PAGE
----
Ruben Amorim, 90 points, and why Chelsea should beg him

Sporting CP manager Ruben Amorim has just won the league for the second time in his tenure, but this time he dominated the league like no team has ever done. In the past 10 years, only one other team hit 90 points in a Portuguese league season: 2021/22 Porto.

Sporting CP v GD Chaves - Liga Portugal Bwin
Sporting CP v GD Chaves - Liga Portugal Bwin / Carlos Rodrigues/GettyImages

Chelsea has just come from a season where the manager essentially failed in one main duty he is responsible for: defending. This is made worse by the fact that the one thing that can be referred to as the identity of the club, is defensive solidity. 

Chelsea boasts the best goalkeeper (Petr Cech) and arguably the best centerback (John Terry) of the Premier League era. Ashley Cole, a left back, is also considered one of the Blues and Premier League legends. To be poor defensively would be to be unrecognizable as a club. 

Some could argue that Mauricio Pochettino fixed Chelsea’s attack, but that would be a strange statement considering what the numbers actually say. Yes, Chelsea ranked 6th in goals scored (77), but ranked 9th in shots taken and 7th in shots on target taken. 

However, the manager is more responsible for defense than he is the attack, even though he’s also responsible for the attack. Which brings us to the first point of the article: Sporting CP’s defense. 

Amorim’s side defended brilliantly enroute to this league title. Let’s take a closer look at the numbers. 

Sporting averaged about the same portion of possession over the season compared to Chelsea, with the Portuguese side keeping 59.1% of the ball, compared to Chelsea’s 58.9%, yet the club controlled proceedings so well out of possession that Amorim’s men gave away the fewest shots in the league and the fewest shots on target. 

Sporting ranked first for expected goals against (xGA) (26.4), non-penalty expected goals against (npxGA) (23.2), post shot expected goals against or expected goals against based on the quality of shots on target (PSxG) (24.4), and clean sheets (16). 

Amorim’s defensive numbers last season look even better, when you consider that his men conceded the third fewest goals in the league, but the club actually conceded 4.6 goals more than he was expected to. 

This means that Sporting’s keepers did not even have a stellar season shot-stopping-wise, and the team still had an excellent season with regards to goals allowed. That is the hallmark of a team that is setup very well defensively. 

These numbers are in contrast to Chelsea’s defense last season, where Pochettino’s men ranked 9th for xGA (58.1), 9th for npxGA (54.1), 8th for PSxG (52.5) and 10th for clean sheets (8). 

1st, 1st, 1st, and 1st compared to 9th, 9th, 8th, and 10th are let’s just say…eh, different. Amorim has shown that he knows how to set teams up defensively, and the key to competing at the top level is controlling what you can as a manager, which is how your team defends. 

You also cannot make the case that Amorim’s Sporting was excellent defensively due to personnel. Take for example Goncalo Inacio who played 32/34 and started 28/34 games, he kept 13 clean sheets, but he completed 89% of his passes, 53% of his long balls, 55% of his ground duels, and 53% of his aerial duels.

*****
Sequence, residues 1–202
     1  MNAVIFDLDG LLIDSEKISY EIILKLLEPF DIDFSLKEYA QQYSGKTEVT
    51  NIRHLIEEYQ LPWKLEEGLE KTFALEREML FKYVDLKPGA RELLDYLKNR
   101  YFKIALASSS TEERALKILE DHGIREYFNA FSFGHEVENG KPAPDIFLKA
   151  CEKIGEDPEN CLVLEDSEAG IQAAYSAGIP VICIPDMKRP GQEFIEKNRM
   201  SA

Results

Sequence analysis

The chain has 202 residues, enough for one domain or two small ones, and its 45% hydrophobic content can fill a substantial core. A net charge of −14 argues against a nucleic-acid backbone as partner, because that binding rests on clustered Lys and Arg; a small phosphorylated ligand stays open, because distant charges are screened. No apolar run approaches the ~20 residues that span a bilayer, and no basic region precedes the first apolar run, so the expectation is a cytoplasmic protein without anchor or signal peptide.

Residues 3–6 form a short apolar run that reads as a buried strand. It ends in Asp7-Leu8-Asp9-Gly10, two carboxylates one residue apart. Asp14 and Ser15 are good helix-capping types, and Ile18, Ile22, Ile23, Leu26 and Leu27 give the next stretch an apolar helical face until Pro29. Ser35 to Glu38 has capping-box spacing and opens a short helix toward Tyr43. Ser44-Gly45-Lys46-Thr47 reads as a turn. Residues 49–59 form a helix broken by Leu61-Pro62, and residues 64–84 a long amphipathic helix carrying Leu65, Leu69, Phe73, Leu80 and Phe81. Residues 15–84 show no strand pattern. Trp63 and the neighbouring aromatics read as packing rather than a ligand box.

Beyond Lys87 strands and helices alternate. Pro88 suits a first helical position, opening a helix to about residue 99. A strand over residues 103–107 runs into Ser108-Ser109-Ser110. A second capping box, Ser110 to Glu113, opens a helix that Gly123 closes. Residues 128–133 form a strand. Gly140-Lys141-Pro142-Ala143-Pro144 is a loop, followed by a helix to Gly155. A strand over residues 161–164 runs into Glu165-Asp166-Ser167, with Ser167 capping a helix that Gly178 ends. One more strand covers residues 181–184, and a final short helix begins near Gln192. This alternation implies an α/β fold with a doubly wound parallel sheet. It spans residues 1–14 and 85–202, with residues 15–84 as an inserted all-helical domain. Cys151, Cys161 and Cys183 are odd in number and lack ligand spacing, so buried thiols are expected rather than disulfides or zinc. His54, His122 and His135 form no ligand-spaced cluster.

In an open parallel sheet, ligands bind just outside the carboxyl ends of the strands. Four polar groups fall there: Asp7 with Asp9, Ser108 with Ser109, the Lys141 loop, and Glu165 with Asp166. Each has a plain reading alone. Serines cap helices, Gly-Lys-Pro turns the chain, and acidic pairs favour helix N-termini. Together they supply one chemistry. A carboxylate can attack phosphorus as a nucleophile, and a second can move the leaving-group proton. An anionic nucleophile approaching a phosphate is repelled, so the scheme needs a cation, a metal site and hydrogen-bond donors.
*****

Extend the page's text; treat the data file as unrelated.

These numbers are good, but they’re nowhere near as good as you can get for a centerback. Sebastian Coates was considerably better in his duels - extremely good actually - as he won 68% of his ground duels and 80% of his aerials, but was worse than Inacio in his long passing: 89% passing and 48% in long balls. 

None of these centerbacks have posted numbers good enough to explain allowing the fewest shots in a league season by their own doing. 

Sporting’s attacking numbers also indicate that the team is set up well to attack. Sporting doesn’t have any top tier creator, yet the team regularly created a high volume of good goal scoring chances. 

Sporting ranked second for xG (72.5), second for npxG (69.2), third for shots taken per game (16.5), second for big chances gotten per game (3.4), and a distant first for volume of goal scored (96), and goals scored per game (2.8). These ranks show that Amorim put his team in good shooting positions and left the rest to finishing skill.

Sporting’s chance creation also cannot be chucked down to individual brilliance, as the most regular shot creator created two chances per game, good enough for joint-fourth highest in the league. Goncalves did rank 3rd for big chances created league-wide (18).

The Sporting manager had a team with very good shooters though, which is not something he’d have at Chelsea, but we have already established that finishing is not something the manager can control.

Regarding what the manager can control, Amorim did excellently last season, and has been consistently great in his time as Sporting manager. 

Amorim is best placed to fix some of the issues fixable by a manager that Chelsea has currently. His body of work in Portugal is a testament to the fact that he can hold his own amongst other top teams even when outgunned personnel-wise. 

This is why Chelsea should be ultra-focused on the 39 year-old Portuguese manager in the search for a new gaffer. If the manager says he’s not interested, the Blues owners should swallow their pride and simply…beg.